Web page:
The Problem With America’s Culture of Overwork

It says a lot that there even needs to be a debate on whether or not overwork is a good thing. But as working more for less becomes the norm in American life — often unquestionably — clearly it is a discussion worth having.

Let us start by putting things into perspective: contrary to popular belief, Japan is no longer the developed country with the most annual working hours by average. That dubious distinction now falls on the U.S. As the Nation reports:

By international standards, Americans put in a lot of time on the job. Among countries in the Organization for Economic Cooperation and Development, we’re above the average, clocking 1,789 hours at work in a year—more than Japan, Germany, and South Korea. Each week, the average American puts in 41 hours per week, compared to 38.4 in the United Kingdom, 36.9 in Germany, and just 32.7 in the Netherlands. We also have more workaholics: The percentage of U.S. workers who put in more than 45 hours a week is about double that of Germany, the Netherlands, or France. While we’ve decreased our workload by 112 hours a year over the past four decades, other countries have far outpaced us: The French dropped theirs by 491 hours, the Dutch by 425 and the Canadians by 215.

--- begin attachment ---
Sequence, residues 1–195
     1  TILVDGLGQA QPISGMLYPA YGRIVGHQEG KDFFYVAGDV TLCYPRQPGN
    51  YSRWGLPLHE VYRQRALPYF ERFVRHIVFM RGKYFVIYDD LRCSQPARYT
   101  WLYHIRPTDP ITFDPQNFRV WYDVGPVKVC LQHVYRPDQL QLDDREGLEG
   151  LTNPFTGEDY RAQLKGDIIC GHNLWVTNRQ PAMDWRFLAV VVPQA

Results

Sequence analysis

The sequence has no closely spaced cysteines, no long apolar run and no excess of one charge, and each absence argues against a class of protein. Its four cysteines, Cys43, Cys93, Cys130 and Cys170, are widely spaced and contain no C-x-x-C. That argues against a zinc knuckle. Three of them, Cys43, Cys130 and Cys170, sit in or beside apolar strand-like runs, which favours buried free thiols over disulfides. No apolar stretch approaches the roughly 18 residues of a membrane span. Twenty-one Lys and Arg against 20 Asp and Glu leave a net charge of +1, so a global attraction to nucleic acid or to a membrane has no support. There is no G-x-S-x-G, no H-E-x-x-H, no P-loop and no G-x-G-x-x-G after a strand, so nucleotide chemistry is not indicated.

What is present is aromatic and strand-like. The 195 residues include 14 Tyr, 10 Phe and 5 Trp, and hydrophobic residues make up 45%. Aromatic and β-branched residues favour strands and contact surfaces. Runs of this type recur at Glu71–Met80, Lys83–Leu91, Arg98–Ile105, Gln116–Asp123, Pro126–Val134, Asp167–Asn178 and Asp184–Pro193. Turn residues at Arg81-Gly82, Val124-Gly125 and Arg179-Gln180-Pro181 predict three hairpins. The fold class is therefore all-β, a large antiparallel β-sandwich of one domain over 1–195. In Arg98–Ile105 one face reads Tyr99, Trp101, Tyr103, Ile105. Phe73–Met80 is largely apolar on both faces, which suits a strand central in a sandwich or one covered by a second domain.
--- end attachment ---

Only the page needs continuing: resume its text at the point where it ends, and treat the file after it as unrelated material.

Doubtless, many Americans consider such a work ethic to be both morally desirable and perfectly acceptable; hence our unique position in the developed world in terms of not mandating paid maternal leave or vacation time.

One might think that all that work contributes to our status as the world’s largest economy by a significant margin. But this is yet another widespread misconception.  Continue reading

The Problem With Wealthy Philanthropists

…With a decaying social welfare state, more and more public amenities exist only as the result of the hyper-wealthy donating them. But when the commons are donated by the wealthy, rather than guaranteed by membership in society, the democratic component of civic society is vastly diminished and placed in the hands of the elite few who gained their wealth by using their influence to cut taxes and gut the social welfare state in the first place.

It’s much like how in my former home of Pittsburgh, the library system is named for Andrew Carnegie, who donated a portion of the initial funds. But the donated money was not earned by Carnegie; it trickled up from his workers’ backs, many of them suffering from overwork and illness caused by his steel factories’ pollution. The real social cost of charitable giving is the forgotten labor that builds it and the destructive effects that flow from it.

— Why the Rich Love Burning Man, Jacobin

To be clear, the issue isn’t so much about individual elites donating their wealth to humanitarian efforts; no doubt at least some of them are benevolent and sincere, and their money often goes a long way for certain causes. But the problem lies in the aggregate, when entire societies — from their political and economic systems, to their media and public education — are at the mercy of a small class of individuals that determines what resources go where, based on what conditions. Being beholden to a handful of elites is not much better than to an overpowering state; indeed, often times it is often indistinguishable.

What are your thoughts?